In a significant development the Spanish Navy along with Indra, a world leading technology and consulting company, have successfully tested the world’s first artificial intelligence systems which has the inherent capacity to learn by itself as well as take decisions.
The AI framework has been designed to predict malfunctions as well as improve on the repairs and maintenance and availability of the Spanish Navy’s fleet.
The project demonstrates marks one the first solutions to ‘unsupervised’ artificial intelligence, a field which so far has been restricted to academic research. The project mitigates hurdles placed by the real world environment using experimental solutions.
Whereas in old school artificial intelligence, the algorithm learns from the procedure that should be followed to solve a problem, in this case, the machine learning algorithm learns to detect problems and applies a wide variety of solutions, without having to be told how to do it and without any human assistance.
Case in point: in the Soprene Project, Indra’s engineers taught the algorithm to understand how theF100 frigates and Offshore Patrol Vessels BAM’s engine work using massive data vectors containing precise engine related details. Using this huge data vector, the algorithm was able to detect deviations in normal operations and predicted engine issues and malfunctions the vessels has had in the past five years.
To test and verify the authenticity of the results, Indra’s engineers used data records stored by the Spanish Navy’s Data Monitoring and Analysis Center (CESADAR) in Cartagena and compared it with actuals.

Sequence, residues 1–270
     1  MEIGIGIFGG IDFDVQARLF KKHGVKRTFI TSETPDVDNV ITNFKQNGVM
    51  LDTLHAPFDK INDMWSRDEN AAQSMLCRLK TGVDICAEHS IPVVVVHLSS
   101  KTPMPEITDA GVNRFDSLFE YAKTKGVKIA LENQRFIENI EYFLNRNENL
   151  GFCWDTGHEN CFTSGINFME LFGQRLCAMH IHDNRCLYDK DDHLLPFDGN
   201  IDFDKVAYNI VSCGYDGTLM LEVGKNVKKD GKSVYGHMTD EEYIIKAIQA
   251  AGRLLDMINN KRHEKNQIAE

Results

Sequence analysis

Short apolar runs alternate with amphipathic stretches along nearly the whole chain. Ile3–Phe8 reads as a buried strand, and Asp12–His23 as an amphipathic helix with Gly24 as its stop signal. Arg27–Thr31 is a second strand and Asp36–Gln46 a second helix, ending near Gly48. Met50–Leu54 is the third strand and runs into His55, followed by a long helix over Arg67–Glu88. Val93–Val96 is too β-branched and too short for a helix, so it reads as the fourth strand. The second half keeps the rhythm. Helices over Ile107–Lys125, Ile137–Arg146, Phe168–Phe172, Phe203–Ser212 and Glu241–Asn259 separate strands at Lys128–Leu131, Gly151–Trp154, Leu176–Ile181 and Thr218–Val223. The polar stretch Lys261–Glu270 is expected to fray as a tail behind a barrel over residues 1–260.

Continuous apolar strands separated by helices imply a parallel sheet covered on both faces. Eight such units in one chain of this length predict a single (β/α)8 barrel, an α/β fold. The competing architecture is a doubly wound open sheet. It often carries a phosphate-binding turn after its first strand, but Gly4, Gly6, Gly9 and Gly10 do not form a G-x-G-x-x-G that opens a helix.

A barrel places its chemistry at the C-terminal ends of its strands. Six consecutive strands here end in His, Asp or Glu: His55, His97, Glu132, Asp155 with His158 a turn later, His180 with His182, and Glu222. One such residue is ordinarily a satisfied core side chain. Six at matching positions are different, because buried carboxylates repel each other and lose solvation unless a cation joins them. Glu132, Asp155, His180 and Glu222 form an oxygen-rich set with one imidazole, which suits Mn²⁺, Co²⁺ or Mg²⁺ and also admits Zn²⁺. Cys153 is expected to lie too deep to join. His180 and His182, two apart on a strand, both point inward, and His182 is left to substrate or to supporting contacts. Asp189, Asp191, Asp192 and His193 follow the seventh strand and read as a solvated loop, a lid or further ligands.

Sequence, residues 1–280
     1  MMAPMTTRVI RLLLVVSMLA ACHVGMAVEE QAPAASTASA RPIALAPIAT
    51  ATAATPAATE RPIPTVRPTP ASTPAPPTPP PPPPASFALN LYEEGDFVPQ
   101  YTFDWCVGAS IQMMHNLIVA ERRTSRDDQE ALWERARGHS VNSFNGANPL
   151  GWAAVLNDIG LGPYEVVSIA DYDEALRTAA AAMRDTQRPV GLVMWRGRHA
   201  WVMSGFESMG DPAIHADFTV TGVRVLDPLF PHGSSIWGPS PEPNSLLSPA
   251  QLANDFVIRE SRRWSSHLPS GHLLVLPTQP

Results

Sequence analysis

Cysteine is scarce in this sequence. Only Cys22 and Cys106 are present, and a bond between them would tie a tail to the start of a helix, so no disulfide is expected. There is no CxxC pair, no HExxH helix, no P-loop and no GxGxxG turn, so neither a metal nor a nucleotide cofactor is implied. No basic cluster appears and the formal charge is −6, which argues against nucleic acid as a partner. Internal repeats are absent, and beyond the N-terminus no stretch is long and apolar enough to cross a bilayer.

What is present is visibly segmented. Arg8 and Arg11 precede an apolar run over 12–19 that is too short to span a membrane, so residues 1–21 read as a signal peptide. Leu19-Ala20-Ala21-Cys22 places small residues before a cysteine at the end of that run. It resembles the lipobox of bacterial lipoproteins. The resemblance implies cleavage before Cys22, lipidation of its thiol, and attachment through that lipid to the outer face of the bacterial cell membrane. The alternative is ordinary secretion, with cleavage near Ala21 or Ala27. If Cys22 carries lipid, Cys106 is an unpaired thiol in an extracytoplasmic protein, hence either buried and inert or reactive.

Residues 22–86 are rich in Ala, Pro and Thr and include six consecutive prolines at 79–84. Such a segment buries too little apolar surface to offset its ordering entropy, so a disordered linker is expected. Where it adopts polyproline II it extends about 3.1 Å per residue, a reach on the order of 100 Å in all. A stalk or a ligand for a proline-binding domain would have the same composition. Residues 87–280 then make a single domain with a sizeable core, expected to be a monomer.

The market potential for non-monitored technologies is significantly greater than supervised equivalent and offers distinct advantages, including in the maintenance department of next-generation vessels.
The systemic has dynamics built into its, since like us human it is capable of learning from its successes and mistakes and can attain results that are neither predefined or known before hand; unlike us humans however, it only learn at a much faster pace and with increased efficiency.
The AI system has been designed such that it can be largely applied universally. Although it has been developed to check the functioning of the F100 frigate and other offshore patrol vessel engines, it can be easily tweaked to monitor other systems.
It can surmount one of the toughest challenges faced by legacy AI systems by predicting a path of failure even if a newly developed vessel has not been at sea.
Its algorithms can detect failures that have never occurred as well as those which cannot be replicated intentionally, since it would either be catastrophic for the vessel or be too expensive.
Having gained access to such a technology have provided the Spanish Navy a significant operational advantage, since it allows it to plan missions with improved precision, including bring forward or postponing repairs on a timely manner.
Through this project, Indra has once again bolsters its leadership position in a field of cutting edge AI, an area that is set to dominate and bring about transformative changes in the foreseeable future.